Choosing Ornamental Grasses For Zone 4 Gardens
A Few Words About Pampas Grass (Para vera)
The name “pampa” comes from the Spanish word para meaning “on top of”. The Latin root par- means both “above” and “below”, so it’s not surprising that the plant is called a pampas grass because it grows above ground. It is native to South America and is a member of the family Fabaceae, which includes such plants as poppies, lilies, dahlias and roses.
It’s common to see pampas grass growing in many parts of the world. It grows well in most climates where there are sandy soils or other types of soil with little organic matter. However, it does best when grown under conditions similar to those found in Florida. These include temperatures between 60°F and 80°F year round, relative humidity of 75% or higher, and a pH level of 6.5 to 7.0.
What Makes Pampas Grass So Popular?
Pampas grass is one of the easiest species to grow because it requires very little attention. It doesn’t require much water either; its roots need only enough moisture during dry periods to keep them alive but no more than that. Its leaves are edible too! Just don’t eat them while they’re still green because they contain cyanide compounds and are poisonous. They won’t harm you if eaten when they’ve first started to turn yellow or tan, however. The roots can even be eaten if properly prepared.
You can plant pampas grass either from seed or from a plant. When planting from seed, the soil should be prepared the same way you would for sowing seeds for other types of plants such as flowers or vegetables. You can expect it to take several months for the seed to germinate. It’s better to buy a plant if you’re in a hurry.
This plant is best grown in large containers or in ornamental grass borders along a pathway or driveway. It can also be grown along the edge of a flower bed, provided that it’s positioned several feet away from any other plants because its root system can easily overtake those of other species.
No matter where you decide to plant it, this is one species that’s sure to earn its keep because it has so many uses.
Just a Few of Pampas Grass’s Uses
The fibers obtained from the stem can be made into yarn or string.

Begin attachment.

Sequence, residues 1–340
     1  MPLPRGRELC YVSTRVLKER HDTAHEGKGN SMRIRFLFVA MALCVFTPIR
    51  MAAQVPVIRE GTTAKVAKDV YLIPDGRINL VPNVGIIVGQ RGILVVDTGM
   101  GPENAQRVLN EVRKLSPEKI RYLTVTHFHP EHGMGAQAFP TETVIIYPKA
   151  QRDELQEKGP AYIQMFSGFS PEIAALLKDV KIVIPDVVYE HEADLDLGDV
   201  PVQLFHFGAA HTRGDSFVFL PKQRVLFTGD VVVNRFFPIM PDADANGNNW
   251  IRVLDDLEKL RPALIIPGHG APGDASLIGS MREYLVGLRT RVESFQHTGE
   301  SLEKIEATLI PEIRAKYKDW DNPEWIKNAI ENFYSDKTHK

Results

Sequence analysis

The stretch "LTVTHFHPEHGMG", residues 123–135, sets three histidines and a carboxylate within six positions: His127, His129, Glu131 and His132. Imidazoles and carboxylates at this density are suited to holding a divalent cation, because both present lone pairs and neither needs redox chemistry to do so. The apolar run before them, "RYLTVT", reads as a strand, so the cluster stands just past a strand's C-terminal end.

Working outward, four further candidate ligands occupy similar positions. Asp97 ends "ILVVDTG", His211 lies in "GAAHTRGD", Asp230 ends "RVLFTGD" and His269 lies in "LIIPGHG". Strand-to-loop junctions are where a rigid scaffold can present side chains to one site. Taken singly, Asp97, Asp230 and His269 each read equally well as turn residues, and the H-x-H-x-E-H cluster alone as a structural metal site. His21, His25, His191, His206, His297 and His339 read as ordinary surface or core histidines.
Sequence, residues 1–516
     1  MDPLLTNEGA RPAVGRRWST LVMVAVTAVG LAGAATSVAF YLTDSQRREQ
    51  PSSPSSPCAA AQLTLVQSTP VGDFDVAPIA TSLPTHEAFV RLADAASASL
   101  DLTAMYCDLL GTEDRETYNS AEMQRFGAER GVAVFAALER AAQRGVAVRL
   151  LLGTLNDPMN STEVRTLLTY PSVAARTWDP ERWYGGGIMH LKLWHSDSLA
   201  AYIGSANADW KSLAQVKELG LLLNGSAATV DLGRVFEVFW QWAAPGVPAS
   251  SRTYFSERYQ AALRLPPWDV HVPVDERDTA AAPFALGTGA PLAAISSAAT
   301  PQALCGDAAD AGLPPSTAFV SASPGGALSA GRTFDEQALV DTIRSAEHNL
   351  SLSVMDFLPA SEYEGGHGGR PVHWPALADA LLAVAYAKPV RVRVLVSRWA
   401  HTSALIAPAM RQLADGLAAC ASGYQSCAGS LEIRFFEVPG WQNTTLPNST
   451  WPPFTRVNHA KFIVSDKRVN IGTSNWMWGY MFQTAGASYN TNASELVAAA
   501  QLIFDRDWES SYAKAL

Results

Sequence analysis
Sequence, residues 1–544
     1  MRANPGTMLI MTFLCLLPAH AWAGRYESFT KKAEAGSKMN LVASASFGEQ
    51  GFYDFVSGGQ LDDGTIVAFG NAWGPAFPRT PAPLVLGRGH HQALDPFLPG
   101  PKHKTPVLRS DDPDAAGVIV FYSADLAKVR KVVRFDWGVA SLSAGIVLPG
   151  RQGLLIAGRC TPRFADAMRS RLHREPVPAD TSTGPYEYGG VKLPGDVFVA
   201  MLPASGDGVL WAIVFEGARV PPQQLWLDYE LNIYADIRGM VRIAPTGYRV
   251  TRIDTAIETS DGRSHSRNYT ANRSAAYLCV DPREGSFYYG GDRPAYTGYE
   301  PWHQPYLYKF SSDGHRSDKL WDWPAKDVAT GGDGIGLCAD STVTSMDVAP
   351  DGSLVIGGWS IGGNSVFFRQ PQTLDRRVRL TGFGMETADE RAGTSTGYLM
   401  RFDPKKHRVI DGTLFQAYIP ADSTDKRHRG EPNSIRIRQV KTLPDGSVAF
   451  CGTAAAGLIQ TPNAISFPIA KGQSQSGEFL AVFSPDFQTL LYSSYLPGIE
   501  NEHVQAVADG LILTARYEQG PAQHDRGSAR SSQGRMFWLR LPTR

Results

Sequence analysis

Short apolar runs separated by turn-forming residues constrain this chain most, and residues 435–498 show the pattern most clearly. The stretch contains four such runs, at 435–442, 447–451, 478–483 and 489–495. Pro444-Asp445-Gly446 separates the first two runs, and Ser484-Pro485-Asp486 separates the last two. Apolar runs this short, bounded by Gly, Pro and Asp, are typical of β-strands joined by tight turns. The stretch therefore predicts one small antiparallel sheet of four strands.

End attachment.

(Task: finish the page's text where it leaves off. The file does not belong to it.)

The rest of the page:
Craft artists sometimes use dried pampas grass flowers in their works.
The leaves are sometimes used in flower arrangements.
It’s a great additive to the garden because it has a nice visual impact and can be used to add height to an otherwise low-lying area.
Its height makes it ideal for providing a bit of privacy between two sections of your property that are in close proximity to each other.
Its seed heads make great additions to dried flower arrangements.
It can be used as a replacement for hay in pet beds.
Its strong, tough stems are sometimes used in flower arrangements to help support other plants such as roses.
The dried leaves can be used in potpourri.
Its strong and flexible stems make for excellent skewer sticks when grilling food over an open flame.
Its dried seed heads make great natural broom substitutes.
Its dried leaves can be used as a natural alternative to toilet paper.
Are There Any Downsides To Pampas Grass?
As far as I know, pampas grass is non-toxic to humans and pets. However, as I mentioned earlier, its leaves are poisonous when eaten while they’re still green. There may be some other negative effects of having this plant in or around your home that I’ve failed to mention. If you know of any, please let me know.
Pampas grass may be the answer to a lot of your landscaping problems if you live in an area where the climate is mild and rainfall is plentiful. It’s relatively easy to grow and maintain. Give it a try!
Other Types of Grass
Grasses are wonderful plants that can be used in a number of ways. Here is some additional information on a few other types that you may find of interest.
Sources & references used in this article:
Herbaceous ornamentals: annuals, perennials, and ornamental grasses by SL Love, K Noble, S Parkinson… – University of Idaho …, 2009 – extension.uidaho.edu
Taylor’s Guide to Ornamental Grasses by M King, P Oudolf – 1998 – Frances Lincoln Limited
Performance of native and introduced grasses for low-input pastures. 1. Survival and recruitment by R Holmes – 1997 – books.google.com
Taylor’s Weekend Gardening Guides to Cold Climate Gardening: How to Select and Grow the Best Vegetables and Ornamental Plants for the North by NJ Ondra – 2002 – Storey Publishing
Ornamental Grasses for Western Gardens by CM Waters, DL Garden, AB Smith, DA Friend… – The Rangeland …, 2005 – CSIRO
Wyman’s gardening encyclopedia by RA Briccetti – 2000 – books.google.com
Morphological and physiological traits for higher biomass production in perennial rhizomatous grasses grown on marginal land by M Raff – 2005 – books.google.com